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Re: [json] Re: Compressed JSON

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  • MPCM
    The communication itself should be doing the compression and undoing before it gets anywhere near the js. Is this what you are doing? Or are you sending a
    Message 1 of 7 , Mar 7, 2006
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      The communication itself should be doing the compression and undoing before
      it gets anywhere near the js.

      Is this what you are doing? Or are you sending a gzip'd output and
      expecting the browser to know how to decode it?

      --
      Matt


      [Non-text portions of this message have been removed]
    • henrik hjelte
      ... I think you have to set the proper value of the http response content-type, to a value like text/gzip or text/zip. It sort of depends on the browser if I
      Message 2 of 7 , Mar 7, 2006
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        On tis, 2006-03-07 at 16:18 +0000, msf157 wrote:
        > I am sure this has nothing to do with the actual JSON files, but I
        > am sending the files to the browser in gzip form and they should
        > automagiacally decompress, before going to the parser. For some
        > reason this is not hapening as it does with XML and I am unsure what
        > the proper way to do this is.

        I think you have to set the proper value of the http response
        content-type, to a value like text/gzip or text/zip. It sort of
        depends on the browser if I remember.

        /Henrik Hjelte
      • Tom Metro
        ... Yes, though it looks like Content-Type is unchanged, but a Content-Encoding header needs to be added. Here are a couple of articles on this that I found
        Message 3 of 7 , Mar 7, 2006
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          henrik hjelte wrote:
          >> ...I am sending the files to the browser in gzip form and they should
          >> automagiacally decompress, before going to the parser.
          >
          > I think you have to set the proper value of the http response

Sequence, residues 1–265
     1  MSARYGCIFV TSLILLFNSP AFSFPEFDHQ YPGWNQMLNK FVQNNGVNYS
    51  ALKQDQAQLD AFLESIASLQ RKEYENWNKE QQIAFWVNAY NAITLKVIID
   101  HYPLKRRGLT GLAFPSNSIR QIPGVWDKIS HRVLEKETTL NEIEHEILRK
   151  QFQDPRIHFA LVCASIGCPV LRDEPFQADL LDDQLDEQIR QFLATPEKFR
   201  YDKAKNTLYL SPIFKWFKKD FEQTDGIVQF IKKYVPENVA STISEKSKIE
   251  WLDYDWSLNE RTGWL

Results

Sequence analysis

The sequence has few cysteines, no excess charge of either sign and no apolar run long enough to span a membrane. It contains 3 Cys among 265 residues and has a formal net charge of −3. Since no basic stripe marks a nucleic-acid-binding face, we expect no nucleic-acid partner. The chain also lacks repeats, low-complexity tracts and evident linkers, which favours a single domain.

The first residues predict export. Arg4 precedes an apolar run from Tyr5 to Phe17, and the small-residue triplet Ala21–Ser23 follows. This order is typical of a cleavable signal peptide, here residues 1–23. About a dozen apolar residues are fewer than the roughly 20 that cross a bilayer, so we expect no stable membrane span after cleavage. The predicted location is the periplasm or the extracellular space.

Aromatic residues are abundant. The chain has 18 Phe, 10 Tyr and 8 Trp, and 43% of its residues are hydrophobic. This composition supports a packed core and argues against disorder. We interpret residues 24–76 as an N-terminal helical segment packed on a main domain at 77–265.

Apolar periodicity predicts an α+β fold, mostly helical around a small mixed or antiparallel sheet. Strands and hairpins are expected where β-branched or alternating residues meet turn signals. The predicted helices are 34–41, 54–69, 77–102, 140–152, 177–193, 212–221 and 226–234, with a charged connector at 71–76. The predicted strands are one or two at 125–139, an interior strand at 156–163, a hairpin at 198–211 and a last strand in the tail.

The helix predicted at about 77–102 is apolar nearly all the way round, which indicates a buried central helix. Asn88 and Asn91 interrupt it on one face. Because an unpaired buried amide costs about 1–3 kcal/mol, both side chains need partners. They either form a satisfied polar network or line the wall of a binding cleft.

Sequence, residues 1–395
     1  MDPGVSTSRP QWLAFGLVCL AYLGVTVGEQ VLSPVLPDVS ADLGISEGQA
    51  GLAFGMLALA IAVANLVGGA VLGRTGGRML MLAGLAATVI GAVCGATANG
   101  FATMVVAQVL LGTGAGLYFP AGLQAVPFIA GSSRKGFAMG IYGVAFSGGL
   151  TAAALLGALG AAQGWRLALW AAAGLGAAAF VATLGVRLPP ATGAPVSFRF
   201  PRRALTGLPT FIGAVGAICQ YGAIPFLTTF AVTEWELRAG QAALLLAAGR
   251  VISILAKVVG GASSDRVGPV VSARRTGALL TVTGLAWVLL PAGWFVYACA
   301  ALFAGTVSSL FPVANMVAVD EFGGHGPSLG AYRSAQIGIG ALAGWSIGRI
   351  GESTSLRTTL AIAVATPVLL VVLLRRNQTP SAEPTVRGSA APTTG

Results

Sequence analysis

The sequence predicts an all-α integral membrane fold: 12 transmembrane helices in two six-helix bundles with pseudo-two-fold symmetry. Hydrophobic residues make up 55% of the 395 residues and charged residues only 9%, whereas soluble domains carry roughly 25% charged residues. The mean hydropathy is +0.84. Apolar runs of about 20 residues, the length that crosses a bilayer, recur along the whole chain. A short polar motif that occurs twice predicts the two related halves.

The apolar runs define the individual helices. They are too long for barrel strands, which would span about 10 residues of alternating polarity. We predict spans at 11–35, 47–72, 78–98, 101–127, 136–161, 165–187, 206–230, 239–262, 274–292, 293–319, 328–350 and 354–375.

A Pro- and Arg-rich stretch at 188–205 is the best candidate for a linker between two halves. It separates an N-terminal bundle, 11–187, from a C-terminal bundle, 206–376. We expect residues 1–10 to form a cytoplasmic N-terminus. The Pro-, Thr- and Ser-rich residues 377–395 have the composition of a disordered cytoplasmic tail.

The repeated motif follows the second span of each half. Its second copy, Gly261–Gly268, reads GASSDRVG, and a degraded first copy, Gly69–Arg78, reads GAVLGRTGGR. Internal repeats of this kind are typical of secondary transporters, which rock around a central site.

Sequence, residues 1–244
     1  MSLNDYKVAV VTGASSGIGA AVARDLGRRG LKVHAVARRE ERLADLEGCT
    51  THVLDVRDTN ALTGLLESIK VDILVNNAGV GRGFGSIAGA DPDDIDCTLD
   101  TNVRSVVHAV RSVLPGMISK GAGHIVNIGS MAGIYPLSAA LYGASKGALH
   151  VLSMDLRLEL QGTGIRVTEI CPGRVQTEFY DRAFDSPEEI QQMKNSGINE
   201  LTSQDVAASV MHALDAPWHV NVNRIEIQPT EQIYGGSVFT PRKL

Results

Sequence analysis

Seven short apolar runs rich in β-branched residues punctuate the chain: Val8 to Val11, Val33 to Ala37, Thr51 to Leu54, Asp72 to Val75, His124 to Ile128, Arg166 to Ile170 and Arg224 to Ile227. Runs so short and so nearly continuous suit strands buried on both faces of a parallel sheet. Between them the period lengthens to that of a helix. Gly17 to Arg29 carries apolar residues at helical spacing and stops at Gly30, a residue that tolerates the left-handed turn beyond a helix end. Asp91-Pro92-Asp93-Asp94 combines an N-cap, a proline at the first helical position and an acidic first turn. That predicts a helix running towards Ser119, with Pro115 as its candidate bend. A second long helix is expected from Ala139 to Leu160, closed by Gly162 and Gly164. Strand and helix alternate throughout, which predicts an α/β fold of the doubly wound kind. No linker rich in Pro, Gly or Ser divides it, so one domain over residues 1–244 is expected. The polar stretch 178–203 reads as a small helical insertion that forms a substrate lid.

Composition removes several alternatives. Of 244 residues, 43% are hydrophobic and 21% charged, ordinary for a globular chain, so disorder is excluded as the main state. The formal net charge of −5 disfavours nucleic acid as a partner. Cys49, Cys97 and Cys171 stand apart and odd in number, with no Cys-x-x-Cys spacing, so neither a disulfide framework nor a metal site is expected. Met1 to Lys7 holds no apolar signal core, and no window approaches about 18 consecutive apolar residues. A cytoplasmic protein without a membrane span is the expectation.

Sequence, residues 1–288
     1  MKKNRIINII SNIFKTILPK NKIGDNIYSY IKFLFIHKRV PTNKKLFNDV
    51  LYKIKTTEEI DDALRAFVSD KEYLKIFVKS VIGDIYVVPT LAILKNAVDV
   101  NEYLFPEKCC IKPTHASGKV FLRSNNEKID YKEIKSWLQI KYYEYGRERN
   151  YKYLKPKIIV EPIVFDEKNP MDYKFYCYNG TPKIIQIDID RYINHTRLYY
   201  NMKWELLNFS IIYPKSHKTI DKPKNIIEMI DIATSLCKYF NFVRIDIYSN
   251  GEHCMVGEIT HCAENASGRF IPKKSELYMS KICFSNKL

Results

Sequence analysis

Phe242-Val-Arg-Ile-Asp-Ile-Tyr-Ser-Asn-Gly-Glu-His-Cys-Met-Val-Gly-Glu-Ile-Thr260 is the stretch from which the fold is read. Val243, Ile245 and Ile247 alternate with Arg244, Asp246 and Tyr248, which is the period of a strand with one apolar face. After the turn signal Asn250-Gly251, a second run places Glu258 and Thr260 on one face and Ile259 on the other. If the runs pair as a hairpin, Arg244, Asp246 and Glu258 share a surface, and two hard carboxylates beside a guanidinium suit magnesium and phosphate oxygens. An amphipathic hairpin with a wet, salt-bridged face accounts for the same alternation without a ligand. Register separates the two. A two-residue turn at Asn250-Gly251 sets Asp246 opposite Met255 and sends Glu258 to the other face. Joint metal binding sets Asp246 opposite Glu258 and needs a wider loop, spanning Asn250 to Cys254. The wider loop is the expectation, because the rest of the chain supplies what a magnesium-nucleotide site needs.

> content-type, to a value like text/gzip or text/zip.

          Yes, though it looks like Content-Type is unchanged, but a
          Content-Encoding header needs to be added.

          Here are a couple of articles on this that I found when searching for
          "HTTP Compression":

          http://www.webreference.com/internet/software/servers/http/compression/

          Most newer browsers since 1998/1999 have been equipped to support the
          HTTP 1.1 standard known as "content-encoding." ... Essentially the
          browser indicates to the server that it can accept "content encoding"
          and if the server is capable it will then compress the data and
          transmit it.

          http://www.websiteoptimization.com/speed/tweak/compress/

          HTTP compression uses public domain compression algorithms, like gzip
          and compress, to compress XHTML, JavaScript, CSS, and other text files
          at the server. This standards-based method of delivering compressed
          content is built into HTTP 1.1, and most modern browsers that support
          HTTP 1.1 support ZLIB inflation of deflated documents. In other words,
          they can decompress compressed files automatically...


          So the likely problem is that your server isn't sending the correct
          Content-Encoding header. Also note that your server is supposed to be
          looking at the request headers and *only* sending compressed content if
          the client says it can handle it.

          Whether all this magic is supported by the XMLHttpRequest() API is
          another matter, but being a documented feature of HTTP 1.1 it seems
          likely that the capability is implemented in the lower layer protocol API.

          -Tom

          --
          Tom Metro
          Venture Logic, Newton, MA, USA
          "Enterprise solutions through open source."
          Professional Profile: http://tmetro.venturelogic.com/
        • msf157
          I finally got it working. The headers were being added correctly but the encoding was not. I switched methods of compression and it works perfectly. The